Dennis Fisher: There was a lot of outward-facing changes that Google and other companies made, encrypting the links between their data centers and all that kind of stuff but it’s cool to hear about the internal stuff too where you’re looking inside and you’re looking around and being like well why do we trust this system. Why do we trust this person?
Dan Lorenc: It’s a big shift in the way you build systems and you know there’s no perfect answer here. The best you can really do is have multiple people look at something in those situations because at the end of the day you are trusting people. Trusting people blindly is also terrifying especially when you’re working on open source landscapes where you’re taking code from anybody on the internet basically and if anybody has spent time on the internet, you realize that not everyone on the internet is a nice person and deserves your trust, and yeah it leads to kind of these inverted security setups in a lot of companies that we see too, just based on policies being applied. If you want to get a new vendor approved at a company you have to go through a crazy vendor approval process and security audits and budget approvals and all this stuff and it can take months. But if you just find an open source project on GitHub you can pull that in without asking anybody in most cases.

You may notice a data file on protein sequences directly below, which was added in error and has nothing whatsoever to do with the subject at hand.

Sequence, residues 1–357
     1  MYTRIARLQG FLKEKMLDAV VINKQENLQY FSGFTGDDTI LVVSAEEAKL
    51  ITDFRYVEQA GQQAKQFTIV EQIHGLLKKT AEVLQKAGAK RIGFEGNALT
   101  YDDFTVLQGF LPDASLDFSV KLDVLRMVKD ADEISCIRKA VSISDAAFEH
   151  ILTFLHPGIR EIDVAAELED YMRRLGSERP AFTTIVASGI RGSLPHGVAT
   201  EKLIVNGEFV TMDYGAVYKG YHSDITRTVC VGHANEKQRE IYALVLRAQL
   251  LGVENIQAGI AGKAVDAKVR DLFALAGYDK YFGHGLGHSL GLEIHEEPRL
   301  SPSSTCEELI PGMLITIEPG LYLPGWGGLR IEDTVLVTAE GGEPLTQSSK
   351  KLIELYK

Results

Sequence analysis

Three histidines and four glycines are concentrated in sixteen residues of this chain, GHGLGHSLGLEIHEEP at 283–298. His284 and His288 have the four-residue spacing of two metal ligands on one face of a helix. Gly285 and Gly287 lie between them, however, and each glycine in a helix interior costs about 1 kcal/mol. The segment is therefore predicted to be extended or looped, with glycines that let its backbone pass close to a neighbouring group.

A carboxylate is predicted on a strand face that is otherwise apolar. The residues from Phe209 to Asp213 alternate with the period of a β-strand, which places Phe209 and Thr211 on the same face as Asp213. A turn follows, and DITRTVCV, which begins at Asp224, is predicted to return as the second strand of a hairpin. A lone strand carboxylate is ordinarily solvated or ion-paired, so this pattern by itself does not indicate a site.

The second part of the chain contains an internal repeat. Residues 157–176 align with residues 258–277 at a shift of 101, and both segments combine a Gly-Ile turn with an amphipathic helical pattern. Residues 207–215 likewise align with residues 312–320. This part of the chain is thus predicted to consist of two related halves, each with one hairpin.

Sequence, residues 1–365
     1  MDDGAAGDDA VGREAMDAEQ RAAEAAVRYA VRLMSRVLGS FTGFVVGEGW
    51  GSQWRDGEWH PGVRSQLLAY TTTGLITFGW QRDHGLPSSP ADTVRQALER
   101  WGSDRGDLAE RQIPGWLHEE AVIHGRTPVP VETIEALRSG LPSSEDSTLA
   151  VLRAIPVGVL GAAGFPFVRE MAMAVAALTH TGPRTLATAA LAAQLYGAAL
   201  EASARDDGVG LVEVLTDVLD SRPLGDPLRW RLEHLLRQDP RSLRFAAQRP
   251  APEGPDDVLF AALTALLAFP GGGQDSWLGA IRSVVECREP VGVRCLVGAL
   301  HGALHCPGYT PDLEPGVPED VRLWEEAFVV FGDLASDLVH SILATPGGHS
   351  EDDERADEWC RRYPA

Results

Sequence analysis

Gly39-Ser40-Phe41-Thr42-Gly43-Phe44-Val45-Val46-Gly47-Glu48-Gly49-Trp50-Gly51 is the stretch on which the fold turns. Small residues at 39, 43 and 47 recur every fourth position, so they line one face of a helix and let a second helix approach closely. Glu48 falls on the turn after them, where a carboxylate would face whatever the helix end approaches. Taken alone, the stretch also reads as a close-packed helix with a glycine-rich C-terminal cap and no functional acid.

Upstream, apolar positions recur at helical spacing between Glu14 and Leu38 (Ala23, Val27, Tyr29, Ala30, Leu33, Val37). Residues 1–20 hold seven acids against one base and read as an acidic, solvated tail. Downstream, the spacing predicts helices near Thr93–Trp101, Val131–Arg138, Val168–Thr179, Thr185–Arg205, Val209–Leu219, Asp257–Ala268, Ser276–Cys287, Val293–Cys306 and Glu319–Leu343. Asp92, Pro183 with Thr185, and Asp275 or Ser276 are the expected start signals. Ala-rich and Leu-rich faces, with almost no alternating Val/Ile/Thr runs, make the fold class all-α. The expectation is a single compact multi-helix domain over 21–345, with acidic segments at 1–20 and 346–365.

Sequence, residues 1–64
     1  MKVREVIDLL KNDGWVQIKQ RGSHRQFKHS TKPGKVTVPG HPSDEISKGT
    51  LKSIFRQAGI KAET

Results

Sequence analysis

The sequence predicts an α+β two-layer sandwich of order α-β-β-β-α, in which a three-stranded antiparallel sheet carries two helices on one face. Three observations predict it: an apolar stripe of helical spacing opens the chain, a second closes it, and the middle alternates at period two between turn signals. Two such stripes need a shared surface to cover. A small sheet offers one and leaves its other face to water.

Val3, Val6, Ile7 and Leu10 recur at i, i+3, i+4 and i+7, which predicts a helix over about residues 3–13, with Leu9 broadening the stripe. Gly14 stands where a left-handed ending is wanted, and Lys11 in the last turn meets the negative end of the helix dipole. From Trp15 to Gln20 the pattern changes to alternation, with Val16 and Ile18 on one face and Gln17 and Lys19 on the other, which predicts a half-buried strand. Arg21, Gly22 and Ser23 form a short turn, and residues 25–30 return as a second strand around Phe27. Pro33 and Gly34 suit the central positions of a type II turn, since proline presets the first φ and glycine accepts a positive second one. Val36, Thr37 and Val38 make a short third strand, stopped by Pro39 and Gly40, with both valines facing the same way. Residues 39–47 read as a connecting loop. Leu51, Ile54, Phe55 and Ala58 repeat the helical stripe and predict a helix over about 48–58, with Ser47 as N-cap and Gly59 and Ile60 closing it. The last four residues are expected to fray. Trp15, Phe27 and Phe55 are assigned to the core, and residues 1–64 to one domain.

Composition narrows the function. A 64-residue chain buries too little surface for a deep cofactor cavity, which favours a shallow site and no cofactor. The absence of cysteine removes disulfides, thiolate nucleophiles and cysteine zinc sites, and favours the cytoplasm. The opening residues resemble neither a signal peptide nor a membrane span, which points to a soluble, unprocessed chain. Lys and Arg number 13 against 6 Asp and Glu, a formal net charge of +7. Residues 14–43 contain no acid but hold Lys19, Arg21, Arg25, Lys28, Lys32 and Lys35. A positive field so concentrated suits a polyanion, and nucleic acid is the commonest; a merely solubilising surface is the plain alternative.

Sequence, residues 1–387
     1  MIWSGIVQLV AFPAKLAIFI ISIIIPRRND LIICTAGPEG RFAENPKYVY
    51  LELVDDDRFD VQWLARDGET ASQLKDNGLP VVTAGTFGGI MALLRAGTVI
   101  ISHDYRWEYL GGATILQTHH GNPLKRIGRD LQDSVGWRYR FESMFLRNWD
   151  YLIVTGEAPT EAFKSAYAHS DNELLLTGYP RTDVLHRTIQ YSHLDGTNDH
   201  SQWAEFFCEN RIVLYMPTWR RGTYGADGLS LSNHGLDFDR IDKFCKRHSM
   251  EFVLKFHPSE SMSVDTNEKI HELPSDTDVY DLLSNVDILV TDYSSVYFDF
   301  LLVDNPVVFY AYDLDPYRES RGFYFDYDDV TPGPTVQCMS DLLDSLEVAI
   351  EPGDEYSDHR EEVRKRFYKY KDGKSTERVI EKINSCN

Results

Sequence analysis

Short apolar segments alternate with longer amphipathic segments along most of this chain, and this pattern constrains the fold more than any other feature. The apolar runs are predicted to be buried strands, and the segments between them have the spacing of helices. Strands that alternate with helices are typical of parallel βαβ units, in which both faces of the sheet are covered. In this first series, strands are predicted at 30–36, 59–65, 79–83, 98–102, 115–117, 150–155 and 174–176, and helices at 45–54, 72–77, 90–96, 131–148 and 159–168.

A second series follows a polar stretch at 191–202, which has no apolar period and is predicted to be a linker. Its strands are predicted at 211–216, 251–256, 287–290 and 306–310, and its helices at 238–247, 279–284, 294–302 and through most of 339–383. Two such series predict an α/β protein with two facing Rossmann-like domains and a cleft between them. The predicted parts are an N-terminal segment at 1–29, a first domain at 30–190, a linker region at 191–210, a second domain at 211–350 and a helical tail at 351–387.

Dennis Fisher: You mentioned when the SolarWinds attack happened, which was the end of 2020, it seemed that was kind of a watershed moment for a lot of people in the security industry and also in the broader software industry I think too. They started looking at the dependencies and how many people had SolarWinds in their environment and how would they know if their version was compromised. So did you kind of look around and say, I told you. I was trying to tell you guys.
Dan Lorenc: Yeah, sort of. You know, a lot of it was like well you know you take this as an opportunity to do a tabletop exercise at your company. if this happened to us, like how hard would this be for us to detect and remediate and fix and do we actually have any controls in place that would have prevented this? A lot of organizations around the world are probably doing that around that same time and you know I’ve seen spreadsheets from CISOs of massive companies. They’ve showed me right after SolarWinds, that attack happened. You know we did an audit and you know we found 400 different Jenkins servers that were in use today across our company and it took us six months to do this and there’s probably 100 more that have been spun up since then. And we really need to get a handle on this and it kind of raised that level of awareness to the executive level which is great, is kind of the only way you actually address something like this across the industry.
Dennis Fisher: Also I think there were a bunch of organizations that discovered that they had SolarWinds after that. I remember hearing stories from people that were like you know we found out four months later that we did have solar winds in our environment. We didn’t even know.
Dan Lorenc: Yeah. Accurate asset inventory, accurate asset management, shadow infrastructure, kind of all of those things are a prerequisite to even being able to get started on supply chain security and a lot of folks are still struggling there.
“If anybody has spent time on the internet, you realize that not everyone on the internet is a nice person and deserves your trust.”